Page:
What is Caton Morris reading?

About Caton Morris

Caton and her husband Charlie are dedicated supporters of the Charlotte Mecklenburg Library. She has enjoyed volunteering as a member of the Charlotte Mecklenburg Library Foundation’s annual Verse & Vino planning committee since 2017, and recently joined the Foundation’s Board. Prior to taking time to focus on raising her three young children, Caton was a public and investor relations consultant for 13 years in the biotechnology industry.


Amount Foundation board member Caton Morris saves by borrowing this list from Charlotte Mecklenburg Library

How much do YOU save at the Library?

Because it’s October and the Halloween energy is palpable around our house, I couldn’t resist sharing a thriller-themed list of favorites. If you’re looking for your next page turner, hopefully some of the books below might spark your interest!

All Around the Town by Mary Higgins Clark

Kicking things off with a throwback from Mary Higgins Clark, AKA “The Queen of Suspense.” She was one of my favorite authors growing up in the 90’s and I would check out and binge her books from our local library. This particular story is still memorable and slightly haunting to this day.

Recap: Laurie Kenyon is a 21-year old student who is accused of murdering her English professor, but has no memory of the crime. Due to childhood traumas, Laurie has developed multiple personality disorder as a coping skill. Can Laurie’s attorney sister and her psychiatrist help find the truth?

Shutter Island by Dennis Lehane

I read Shutter Island when it was first published in 2009 and it easily remains one of my favorite books of all time. You can’t put it down, and per usual, the book is way better than the movie.

Recap: U.S. Marshal Teddy Daniels and his new partner venture to Shutter Island, home of Ashecliffe Hospital for the Criminally Insane, to investigate the disappearance of a patient. With a hurricane bearing down on the island the hospital seems to become more sinister and nothing is what it seems, including Teddy Daniels.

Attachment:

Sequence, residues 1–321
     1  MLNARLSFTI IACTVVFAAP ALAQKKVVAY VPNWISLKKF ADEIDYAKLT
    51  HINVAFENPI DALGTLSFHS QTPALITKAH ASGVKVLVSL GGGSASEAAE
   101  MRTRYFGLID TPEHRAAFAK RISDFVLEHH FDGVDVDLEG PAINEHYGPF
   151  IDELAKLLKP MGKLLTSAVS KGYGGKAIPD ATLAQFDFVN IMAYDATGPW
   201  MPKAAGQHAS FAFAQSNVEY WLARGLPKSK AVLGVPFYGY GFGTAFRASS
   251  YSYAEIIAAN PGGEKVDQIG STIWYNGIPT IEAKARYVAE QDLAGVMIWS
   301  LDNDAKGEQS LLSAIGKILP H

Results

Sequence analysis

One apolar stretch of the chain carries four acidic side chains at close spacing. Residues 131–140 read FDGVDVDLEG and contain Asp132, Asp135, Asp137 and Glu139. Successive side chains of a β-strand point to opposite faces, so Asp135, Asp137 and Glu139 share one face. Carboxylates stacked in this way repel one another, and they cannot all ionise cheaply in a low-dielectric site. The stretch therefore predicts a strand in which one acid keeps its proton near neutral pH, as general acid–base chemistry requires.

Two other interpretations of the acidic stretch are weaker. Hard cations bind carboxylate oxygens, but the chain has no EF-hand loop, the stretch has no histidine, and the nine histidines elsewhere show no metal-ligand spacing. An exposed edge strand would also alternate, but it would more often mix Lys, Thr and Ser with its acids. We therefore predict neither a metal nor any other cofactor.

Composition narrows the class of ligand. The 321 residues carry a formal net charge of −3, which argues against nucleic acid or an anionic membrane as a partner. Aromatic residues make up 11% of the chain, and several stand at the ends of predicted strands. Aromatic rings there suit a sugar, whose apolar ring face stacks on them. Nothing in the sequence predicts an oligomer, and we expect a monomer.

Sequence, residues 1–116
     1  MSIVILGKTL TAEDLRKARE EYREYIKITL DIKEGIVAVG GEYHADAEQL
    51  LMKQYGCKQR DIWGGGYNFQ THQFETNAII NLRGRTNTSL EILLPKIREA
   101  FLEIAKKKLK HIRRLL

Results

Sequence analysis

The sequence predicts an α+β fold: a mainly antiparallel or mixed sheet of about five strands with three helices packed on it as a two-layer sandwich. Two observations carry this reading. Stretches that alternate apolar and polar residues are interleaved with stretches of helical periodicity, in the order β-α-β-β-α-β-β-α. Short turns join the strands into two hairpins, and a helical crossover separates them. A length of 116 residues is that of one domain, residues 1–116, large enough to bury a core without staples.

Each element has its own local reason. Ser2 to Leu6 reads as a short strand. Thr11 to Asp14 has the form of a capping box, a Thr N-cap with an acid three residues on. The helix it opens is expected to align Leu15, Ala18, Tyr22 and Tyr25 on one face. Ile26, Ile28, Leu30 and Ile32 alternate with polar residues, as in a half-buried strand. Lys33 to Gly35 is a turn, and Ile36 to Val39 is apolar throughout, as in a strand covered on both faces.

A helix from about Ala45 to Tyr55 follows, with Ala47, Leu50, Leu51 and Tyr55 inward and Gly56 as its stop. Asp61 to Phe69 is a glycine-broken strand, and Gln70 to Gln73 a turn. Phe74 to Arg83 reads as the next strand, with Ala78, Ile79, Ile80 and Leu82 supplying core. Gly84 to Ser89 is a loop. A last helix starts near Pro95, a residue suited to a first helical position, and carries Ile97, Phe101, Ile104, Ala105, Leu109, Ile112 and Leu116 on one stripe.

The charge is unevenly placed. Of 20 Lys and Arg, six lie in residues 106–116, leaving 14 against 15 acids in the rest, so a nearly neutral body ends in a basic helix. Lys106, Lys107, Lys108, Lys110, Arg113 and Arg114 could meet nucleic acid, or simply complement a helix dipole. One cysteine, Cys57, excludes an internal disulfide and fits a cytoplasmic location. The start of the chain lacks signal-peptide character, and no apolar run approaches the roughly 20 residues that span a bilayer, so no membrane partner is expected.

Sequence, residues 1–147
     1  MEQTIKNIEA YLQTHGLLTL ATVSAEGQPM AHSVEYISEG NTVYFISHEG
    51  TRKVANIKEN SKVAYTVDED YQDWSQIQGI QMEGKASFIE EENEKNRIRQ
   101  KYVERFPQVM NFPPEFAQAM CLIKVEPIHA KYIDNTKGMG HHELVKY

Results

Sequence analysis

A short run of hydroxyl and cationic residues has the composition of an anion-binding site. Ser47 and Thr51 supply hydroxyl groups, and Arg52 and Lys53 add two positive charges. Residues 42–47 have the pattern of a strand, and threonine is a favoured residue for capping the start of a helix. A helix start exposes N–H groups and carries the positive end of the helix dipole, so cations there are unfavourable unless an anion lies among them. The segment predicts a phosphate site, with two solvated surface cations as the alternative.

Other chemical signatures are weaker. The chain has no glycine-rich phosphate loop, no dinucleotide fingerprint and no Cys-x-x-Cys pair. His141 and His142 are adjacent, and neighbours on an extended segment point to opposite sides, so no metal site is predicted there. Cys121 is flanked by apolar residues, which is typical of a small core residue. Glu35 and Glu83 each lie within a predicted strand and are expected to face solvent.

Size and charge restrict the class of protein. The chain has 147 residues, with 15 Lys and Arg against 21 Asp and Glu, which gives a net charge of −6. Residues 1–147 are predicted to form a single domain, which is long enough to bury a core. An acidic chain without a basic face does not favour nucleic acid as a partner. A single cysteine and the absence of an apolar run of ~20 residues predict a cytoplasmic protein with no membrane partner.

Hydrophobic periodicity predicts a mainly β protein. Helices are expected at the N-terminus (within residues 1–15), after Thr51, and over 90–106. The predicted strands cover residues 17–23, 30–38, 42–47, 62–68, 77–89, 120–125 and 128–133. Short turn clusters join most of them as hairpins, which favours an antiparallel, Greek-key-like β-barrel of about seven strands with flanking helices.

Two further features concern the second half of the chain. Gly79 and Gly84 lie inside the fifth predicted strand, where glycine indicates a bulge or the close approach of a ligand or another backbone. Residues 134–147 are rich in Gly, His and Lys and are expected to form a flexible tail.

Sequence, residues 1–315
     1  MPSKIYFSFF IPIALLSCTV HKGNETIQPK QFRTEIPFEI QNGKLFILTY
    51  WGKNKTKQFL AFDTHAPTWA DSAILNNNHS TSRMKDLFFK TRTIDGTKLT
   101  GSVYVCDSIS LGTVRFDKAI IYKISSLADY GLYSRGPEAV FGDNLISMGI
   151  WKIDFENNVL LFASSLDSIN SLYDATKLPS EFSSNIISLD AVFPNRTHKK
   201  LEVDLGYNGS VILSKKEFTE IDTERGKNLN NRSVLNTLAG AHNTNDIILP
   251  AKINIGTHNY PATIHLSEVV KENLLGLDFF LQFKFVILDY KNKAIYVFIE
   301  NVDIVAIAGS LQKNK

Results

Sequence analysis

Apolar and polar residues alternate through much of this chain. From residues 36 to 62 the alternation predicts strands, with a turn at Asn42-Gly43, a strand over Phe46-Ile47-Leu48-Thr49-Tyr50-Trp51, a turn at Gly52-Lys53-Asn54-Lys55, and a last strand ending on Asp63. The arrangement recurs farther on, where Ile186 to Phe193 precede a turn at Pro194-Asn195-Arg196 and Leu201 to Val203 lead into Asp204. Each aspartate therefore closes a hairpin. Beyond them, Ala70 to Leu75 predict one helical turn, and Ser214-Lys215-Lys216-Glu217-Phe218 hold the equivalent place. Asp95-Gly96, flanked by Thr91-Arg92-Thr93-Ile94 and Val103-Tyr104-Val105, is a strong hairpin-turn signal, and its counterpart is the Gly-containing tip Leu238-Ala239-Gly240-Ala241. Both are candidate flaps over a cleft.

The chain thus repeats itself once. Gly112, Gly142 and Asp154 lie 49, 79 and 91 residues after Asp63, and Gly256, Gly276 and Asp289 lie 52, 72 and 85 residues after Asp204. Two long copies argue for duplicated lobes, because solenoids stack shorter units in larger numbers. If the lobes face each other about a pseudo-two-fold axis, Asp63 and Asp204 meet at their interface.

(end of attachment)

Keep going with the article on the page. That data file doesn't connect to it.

The Cuckoo’s Calling by Robert Galbraith

This was the first of now six books in the Cormoran Strike private investigator series, and it hooked me to continue reading more. Fun fact: Galbraith is actually a pseudonym for J.K. Rowling. In her words, “I really wanted to go back to the beginning of a writing career in this new genre, to work without hype or expectation and to receive totally unvarnished feedback…Since my cover has been blown, I continue to write as Robert to keep the distinction from other writing and because I rather enjoy having another persona.”

Recap: When the iconic supermodel, Lula Landry, falls to her death from her posh apartment balcony in London, it is assumed that she has committed suicide. However, her brother has his doubts, and employs struggling private investigator Cormoran Strike to determine what really happened.

The Silent Patient by Alex Michaelides

This was easily one of my favorite psychological thrillers since Shutter Island, and although very different plot lines and twists, the two books share some overlapping themes (murderess female, eery mental institutions, and no one is who they seem to be). Bonus points: Alex Michaelides was a featured author at Verse & Vino 2021 with his second book The Maidens (also a great read).